You cannot grant permissions to execute a trigger, since users cannot execute triggers: SQL Anywhere fires them in response to actions on the database. Nevertheless, a trigger does have permissions associated with it as it executes, defining its right to perform certain actions.
Triggers execute using the permissions of the owner of the table on which they are defined, not the permissions of the user who caused the trigger to fire, and not the permissions of the user who created the trigger.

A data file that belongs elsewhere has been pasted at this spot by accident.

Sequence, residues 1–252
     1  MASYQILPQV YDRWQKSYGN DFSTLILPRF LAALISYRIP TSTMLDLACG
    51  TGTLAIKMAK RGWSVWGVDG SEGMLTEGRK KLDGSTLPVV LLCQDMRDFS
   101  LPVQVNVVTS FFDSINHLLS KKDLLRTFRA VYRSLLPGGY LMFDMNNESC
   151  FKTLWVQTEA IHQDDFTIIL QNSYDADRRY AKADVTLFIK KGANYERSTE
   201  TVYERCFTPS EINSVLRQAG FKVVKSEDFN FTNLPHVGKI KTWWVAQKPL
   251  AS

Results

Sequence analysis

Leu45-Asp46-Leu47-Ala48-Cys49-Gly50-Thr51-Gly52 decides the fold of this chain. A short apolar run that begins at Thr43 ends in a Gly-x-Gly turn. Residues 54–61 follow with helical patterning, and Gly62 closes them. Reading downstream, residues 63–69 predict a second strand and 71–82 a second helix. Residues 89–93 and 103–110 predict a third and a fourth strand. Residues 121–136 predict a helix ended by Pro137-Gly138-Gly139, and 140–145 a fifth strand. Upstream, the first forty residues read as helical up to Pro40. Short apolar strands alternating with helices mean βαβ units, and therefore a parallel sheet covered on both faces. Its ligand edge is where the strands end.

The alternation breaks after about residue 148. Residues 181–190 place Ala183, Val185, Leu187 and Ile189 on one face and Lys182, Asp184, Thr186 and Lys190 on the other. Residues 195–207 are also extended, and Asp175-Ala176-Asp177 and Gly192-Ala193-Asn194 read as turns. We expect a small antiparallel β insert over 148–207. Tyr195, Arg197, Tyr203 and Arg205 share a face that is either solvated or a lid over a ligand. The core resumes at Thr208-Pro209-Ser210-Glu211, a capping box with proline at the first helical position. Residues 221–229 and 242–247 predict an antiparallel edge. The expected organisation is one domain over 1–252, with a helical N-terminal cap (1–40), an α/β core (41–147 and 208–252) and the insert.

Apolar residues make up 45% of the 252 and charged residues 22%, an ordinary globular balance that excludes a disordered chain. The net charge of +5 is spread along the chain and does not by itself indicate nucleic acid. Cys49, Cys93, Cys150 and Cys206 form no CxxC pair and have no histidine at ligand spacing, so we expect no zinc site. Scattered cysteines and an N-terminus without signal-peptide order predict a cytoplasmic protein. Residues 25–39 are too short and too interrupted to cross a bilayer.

When a trigger refers to a table, it uses the group memberships of the table creator to locate tables with no explicit owner name specified. For example, if a trigger on user_1.Table_A references Table_B and does not specify the owner of Table_B, then either Table_B must have been created by user_1 or user_1 must be a member of a group (directly or indirectly) that is the owner of Table_B. If neither condition is met, a table not found message results when the trigger fires.
Also, user_1 must have permissions to perform the operations specified in the trigger.